Environment

Duke Energy unveils payment, water plans for property owners with private wells

Duke Energy will offer to pay $5,000, plus other stipends to property owners whose wells are within a half-mile of coal ash basins, the utility announced late this afternoon. Duke Energy_release_watersolution

In a news release, Duke Energy said it had received approval from the NC Department of Environmental Quality to offer new permanent water supplies to the neighbors.

The plan includes payments to residents for connections to public water supplies as well as a $10,000 water filtration system for residents who select it.

  • The company will offer a $5,000 goodwill payment per property to support the transition to a new water supply.
  • Duke Energy will provide all eligible residential property owners a property value protection plan. If a homeowner sells his or her property (or is under contract to sell) before Oct. 15, 2019, and does not receive fair market value, Duke Energy will cover the difference in price.
  • In communities where a public water supply is available and selected, neighbors will receive a stipend to cover approximately 25 years of water bills. The payment will be based on water rates in their community and an average residential usage of 5,000 gallons a month. The stipends range from nearly $8,000 to $22,000, depending on the local water rate.
  • Neighbors who select the sophisticated water treatment option will benefit from the value of the approximately $10,000 system, plus long-term maintenance paid by the company.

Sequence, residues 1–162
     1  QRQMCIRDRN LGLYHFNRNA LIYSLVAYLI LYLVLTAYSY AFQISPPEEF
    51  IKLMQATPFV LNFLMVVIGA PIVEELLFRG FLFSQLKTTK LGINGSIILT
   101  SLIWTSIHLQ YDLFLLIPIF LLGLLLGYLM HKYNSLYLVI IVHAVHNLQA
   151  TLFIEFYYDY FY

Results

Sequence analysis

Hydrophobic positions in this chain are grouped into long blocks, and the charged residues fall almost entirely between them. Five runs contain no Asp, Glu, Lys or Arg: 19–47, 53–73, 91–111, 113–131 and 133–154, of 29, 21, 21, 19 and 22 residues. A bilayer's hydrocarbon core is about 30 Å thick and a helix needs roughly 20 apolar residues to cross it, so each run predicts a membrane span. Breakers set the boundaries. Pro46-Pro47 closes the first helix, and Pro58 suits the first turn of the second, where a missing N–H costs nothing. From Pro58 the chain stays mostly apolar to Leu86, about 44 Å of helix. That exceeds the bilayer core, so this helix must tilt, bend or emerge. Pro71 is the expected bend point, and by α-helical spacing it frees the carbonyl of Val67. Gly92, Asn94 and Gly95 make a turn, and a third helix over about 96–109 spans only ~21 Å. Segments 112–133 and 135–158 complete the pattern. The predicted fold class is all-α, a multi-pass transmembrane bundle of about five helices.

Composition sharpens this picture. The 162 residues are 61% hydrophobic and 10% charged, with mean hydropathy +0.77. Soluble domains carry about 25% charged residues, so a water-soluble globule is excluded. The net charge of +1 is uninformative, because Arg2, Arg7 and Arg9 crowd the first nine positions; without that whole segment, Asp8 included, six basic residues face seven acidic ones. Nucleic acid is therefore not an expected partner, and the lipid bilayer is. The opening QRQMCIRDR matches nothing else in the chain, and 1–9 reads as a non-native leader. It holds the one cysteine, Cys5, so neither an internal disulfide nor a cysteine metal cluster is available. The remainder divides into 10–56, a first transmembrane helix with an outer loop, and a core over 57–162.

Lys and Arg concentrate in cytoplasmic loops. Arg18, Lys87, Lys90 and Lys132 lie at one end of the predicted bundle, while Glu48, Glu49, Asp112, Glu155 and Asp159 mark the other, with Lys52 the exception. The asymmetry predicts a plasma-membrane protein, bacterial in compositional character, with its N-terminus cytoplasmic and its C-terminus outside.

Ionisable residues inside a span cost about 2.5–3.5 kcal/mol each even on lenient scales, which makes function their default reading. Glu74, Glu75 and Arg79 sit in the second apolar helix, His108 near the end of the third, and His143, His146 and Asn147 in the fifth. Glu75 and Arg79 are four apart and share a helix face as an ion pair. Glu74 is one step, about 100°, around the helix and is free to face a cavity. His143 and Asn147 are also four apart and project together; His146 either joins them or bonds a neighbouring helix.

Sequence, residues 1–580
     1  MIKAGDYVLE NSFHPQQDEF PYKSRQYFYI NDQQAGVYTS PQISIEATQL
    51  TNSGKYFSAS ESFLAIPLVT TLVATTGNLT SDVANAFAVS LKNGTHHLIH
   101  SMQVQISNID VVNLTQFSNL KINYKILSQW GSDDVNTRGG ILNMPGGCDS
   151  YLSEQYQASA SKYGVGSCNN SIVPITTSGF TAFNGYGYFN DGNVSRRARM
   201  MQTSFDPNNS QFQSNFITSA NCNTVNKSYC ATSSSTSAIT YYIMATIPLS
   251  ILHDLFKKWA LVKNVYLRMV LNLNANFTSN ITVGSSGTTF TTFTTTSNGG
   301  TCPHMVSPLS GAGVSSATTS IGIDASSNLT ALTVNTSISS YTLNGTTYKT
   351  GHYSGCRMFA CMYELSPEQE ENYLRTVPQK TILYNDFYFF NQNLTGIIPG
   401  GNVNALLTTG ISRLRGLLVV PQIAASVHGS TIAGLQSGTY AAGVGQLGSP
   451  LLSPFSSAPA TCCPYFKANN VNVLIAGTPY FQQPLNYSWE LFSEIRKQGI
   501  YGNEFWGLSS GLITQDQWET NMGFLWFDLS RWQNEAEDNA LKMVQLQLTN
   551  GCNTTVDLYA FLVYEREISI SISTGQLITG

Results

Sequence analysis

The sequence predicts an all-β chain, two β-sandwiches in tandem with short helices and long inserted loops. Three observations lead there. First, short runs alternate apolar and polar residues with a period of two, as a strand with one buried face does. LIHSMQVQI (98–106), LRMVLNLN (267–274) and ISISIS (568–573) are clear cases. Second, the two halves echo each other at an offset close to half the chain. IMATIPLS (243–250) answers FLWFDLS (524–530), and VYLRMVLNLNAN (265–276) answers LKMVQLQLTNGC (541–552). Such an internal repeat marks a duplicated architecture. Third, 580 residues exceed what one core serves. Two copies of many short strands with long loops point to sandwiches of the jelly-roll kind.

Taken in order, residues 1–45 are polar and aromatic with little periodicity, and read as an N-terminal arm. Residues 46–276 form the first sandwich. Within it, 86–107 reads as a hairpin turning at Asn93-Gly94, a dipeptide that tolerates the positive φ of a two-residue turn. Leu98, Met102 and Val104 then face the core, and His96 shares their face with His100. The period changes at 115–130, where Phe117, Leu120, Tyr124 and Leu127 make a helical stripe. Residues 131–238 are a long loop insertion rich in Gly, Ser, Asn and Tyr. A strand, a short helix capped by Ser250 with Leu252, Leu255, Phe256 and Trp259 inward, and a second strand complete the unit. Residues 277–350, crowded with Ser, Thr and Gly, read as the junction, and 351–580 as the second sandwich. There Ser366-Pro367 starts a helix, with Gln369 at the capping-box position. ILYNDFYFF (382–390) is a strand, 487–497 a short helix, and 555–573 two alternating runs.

No resident is required to accept the money or the water supply.

By providing these permanent supplies, the utility can choose to cap and close the coal ash basins onsite, according to state law.

Tests have shown that several wells near Duke Energy facilities have elevated levels of hexavalent chromium, also known as Chromium 6. But a Duke University study concluded that the contamination is naturally occurring, not from the basins. However, researcher and geochemistry professor Avner Vengosh said last October that arsenic and selenium in well water near those ponds does come from coal ash. “The impact of leaking coal ash ponds on water resources is still a major environmental issue,” Vengosh said.

In its preliminary approval, NCDEQ noted it will gather additional information about water quality standards and the treatment systems. Duke Energy said it will provide the agency with any information that it requests as part of that process.

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